While the living dead may not think much about their futures, it was very much the subject of the day at the Avatar Press panel on Sunday at Wizard World Chicago. Avatar Editor-in-Chief William Christiansen was joined on stage by John Russo, co-writer of 1968's "Night of the Living Dead." Russo has penned three series for Avatar including "Night of the Living Dead," "Escape of the Living Dead," and "Plague of the Living Dead."
Much of the discussion centered on the upcoming 40th anniversary celebration of the original "Night of the Living Dead" film. Christiansen announced that Avatar will sponsoring a worldwide tour commemorating the original film, featuring Russo, co-writer/director George A. Romero, and several key members of the production. Presently about 80% of the tour schedule is set up, and the official announcement of the cities and dates will be coming in October, just in time for Halloween. Russo and Avatar will also be launching a new series to coincide with the event.
target="PopUp">When the celebration kicks off in February 2008, fans can expect to see a line of fully merchandised products including T-shirts, hats, and even action figures designed in the same style as the 1970s MEKO toys. Work is also in progress on a definitive edition of the film featuring an in depth documentary that goes so far as to interview extras. According to Russo, "It's real comprehensive."
Russo fondly recalled his path to creating the modern zombie legend. "I was the person that saw every movie that came into town; every horror film," he said. Romero recounted watching people coming out of the film "Invasion of the Body Snatchers," noting, "People were coming out of the eight o'clock show with stunned looks on their faces." He knew he wanted to create a film that would have the similar effect, but keeping the interest of moviegoers at heart. "Our goal from the beginning has been fan-oriented. The fans come first."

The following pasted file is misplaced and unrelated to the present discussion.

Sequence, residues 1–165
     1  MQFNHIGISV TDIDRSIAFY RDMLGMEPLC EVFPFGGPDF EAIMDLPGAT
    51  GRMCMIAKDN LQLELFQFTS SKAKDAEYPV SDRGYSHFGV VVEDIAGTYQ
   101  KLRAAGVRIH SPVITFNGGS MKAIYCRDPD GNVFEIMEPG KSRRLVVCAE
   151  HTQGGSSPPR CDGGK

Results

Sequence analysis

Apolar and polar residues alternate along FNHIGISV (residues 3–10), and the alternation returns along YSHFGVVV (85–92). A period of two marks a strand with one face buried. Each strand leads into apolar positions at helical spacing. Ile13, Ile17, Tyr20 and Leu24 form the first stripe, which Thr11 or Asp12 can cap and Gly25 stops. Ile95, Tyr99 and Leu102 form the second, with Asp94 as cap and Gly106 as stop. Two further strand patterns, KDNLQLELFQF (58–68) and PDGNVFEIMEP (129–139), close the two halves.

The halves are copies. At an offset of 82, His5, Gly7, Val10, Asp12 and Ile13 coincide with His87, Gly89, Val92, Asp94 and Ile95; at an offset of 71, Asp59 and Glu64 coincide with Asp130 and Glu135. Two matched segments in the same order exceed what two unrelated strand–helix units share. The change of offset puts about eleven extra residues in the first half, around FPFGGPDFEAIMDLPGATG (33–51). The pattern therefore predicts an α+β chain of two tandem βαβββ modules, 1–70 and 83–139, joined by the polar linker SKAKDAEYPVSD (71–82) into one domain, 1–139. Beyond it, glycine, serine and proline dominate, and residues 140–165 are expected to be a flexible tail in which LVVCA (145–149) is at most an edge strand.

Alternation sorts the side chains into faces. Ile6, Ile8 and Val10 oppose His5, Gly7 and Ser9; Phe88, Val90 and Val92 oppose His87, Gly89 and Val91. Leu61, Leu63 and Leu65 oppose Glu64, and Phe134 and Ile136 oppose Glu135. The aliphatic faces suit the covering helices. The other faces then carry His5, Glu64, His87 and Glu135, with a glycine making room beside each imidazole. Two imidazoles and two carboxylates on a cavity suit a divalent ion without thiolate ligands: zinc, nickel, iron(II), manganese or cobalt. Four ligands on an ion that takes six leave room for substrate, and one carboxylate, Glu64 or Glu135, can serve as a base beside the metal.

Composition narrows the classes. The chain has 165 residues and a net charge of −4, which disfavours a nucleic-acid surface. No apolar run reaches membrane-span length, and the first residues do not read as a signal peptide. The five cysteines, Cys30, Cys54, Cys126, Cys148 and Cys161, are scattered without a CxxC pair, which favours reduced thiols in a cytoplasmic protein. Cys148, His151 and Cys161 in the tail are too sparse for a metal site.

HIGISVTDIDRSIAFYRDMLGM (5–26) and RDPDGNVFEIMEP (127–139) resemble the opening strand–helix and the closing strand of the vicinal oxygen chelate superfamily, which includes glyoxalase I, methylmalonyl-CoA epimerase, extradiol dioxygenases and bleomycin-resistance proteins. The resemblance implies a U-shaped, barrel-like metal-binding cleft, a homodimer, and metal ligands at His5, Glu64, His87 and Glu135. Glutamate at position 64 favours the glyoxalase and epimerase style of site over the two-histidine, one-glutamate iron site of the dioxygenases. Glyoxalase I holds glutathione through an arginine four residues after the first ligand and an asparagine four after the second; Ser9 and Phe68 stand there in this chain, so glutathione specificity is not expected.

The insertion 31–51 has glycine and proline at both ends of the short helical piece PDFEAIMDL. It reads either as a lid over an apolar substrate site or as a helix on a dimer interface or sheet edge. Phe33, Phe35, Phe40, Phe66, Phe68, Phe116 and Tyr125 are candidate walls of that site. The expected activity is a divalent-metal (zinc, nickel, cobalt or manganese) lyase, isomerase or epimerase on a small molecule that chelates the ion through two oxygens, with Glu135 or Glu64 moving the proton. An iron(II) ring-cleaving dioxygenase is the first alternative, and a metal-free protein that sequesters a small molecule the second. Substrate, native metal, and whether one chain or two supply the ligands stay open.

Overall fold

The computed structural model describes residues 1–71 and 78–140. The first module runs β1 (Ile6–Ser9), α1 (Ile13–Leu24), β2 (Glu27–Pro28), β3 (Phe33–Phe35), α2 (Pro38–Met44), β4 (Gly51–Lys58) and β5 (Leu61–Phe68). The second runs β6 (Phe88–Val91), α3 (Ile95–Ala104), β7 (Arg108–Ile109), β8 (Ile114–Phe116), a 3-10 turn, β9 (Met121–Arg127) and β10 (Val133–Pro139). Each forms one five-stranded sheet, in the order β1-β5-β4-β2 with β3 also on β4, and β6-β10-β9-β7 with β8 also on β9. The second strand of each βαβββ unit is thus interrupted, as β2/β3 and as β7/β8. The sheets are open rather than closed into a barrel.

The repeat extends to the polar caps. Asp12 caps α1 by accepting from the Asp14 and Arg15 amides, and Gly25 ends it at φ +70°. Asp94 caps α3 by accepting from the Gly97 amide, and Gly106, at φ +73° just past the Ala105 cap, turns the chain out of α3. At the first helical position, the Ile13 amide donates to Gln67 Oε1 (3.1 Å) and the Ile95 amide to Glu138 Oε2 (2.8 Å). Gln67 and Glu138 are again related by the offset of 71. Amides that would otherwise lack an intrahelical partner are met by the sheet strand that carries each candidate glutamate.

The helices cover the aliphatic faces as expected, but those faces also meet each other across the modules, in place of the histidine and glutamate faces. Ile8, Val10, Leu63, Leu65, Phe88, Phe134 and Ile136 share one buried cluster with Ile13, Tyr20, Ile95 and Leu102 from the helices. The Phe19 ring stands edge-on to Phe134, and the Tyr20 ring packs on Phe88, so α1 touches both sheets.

It was Russo's commitment to the fans and the genre that drew Christiansen to call him to develop a "Living Dead" comics series for Avatar. Coincidentally, Russo was already working on a new zombie screenplay. The two hit it off, and a deal soon followed. Christiansen said, "To be able to work with people like George (Romero) and John is just a trip." One of the first successes in their collaboration was "Escape of the Living Dead," based upon Russo's currently un-produced film script. It was collected in a trade paperback edition, selling so successfully that it is being re-released in November with five additional issues under the new title, "Escape of the Living Dead: Resurrected." Russo expressed his enthusiasm for continuing a career writing zombies noting, "I still love doing it! Even if I was in an aluminum walker, I can still write."
target="PopUp">When asked his thoughts on the current state of horror films, Russo referenced the "Saw" series, claiming, "I'm not a big fan of all this gore. I think it's too much." Russo further explained that he tends to stay away from other people's horror and suspense movies and novels to make sure he's not too heavily influenced by other works. To date, Russo has written 15 novels in the horror suspense genre.
Russo does see a future for the zombie genre he fathered nearly 40 years ago. He's continuing to work to secure financing to shoot the "Escape" film and even wants to hold an informal "Living Dead" picnic, allowing both fans and creators to come together to share stories and memories. When asked his thoughts on an ongoing zombie television series, he replied plainly, "It should be done."
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